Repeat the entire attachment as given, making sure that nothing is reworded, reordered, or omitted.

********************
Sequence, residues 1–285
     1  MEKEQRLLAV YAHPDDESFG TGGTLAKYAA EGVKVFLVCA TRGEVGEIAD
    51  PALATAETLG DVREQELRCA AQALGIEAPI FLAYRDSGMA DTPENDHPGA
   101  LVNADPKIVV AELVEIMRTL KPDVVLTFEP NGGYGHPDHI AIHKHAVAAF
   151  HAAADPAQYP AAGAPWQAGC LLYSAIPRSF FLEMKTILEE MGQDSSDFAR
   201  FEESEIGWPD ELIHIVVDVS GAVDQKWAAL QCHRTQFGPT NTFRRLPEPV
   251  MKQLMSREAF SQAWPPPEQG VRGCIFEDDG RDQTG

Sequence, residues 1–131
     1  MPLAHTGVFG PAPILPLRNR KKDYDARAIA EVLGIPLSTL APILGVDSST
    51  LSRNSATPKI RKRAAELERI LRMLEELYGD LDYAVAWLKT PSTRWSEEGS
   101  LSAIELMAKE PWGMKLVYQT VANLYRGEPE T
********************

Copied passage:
Sequence, residues 1–285
     1  MEKEQRLLAV YAHPDDESFG TGGTLAKYAA EGVKVFLVCA TRGEVGEIAD
    51  PALATAETLG DVREQELRCA AQALGIEAPI FLAYRDSGMA DTPENDHPGA
   101  LVNADPKIVV AELVEIMRTL KPDVVLTFEP NGGYGHPDHI AIHKHAVAAF
   151  HAAADPAQYP AAGAPWQAGC LLYSAIPRSF FLEMKTILEE MGQDSSDFAR
   201  FEESEIGWPD ELIHIVVDVS GAVDQKWAAL QCHRTQFGPT NTFRRLPEPV
   251  MKQLMSREAF SQAWPPPEQG VRGCIFEDDG RDQTG

Sequence, residues 1–131
     1  MPLAHTGVFG PAPILPLRNR KKDYDARAIA EVLGIPLSTL APILGVDSST
    51  LSRNSATPKI RKRAAELERI LRMLEELYGD LDYAVAWLKT PSTRWSEEGS
   101  LSAIELMAKE PWGMKLVYQT VANLYRGEPE T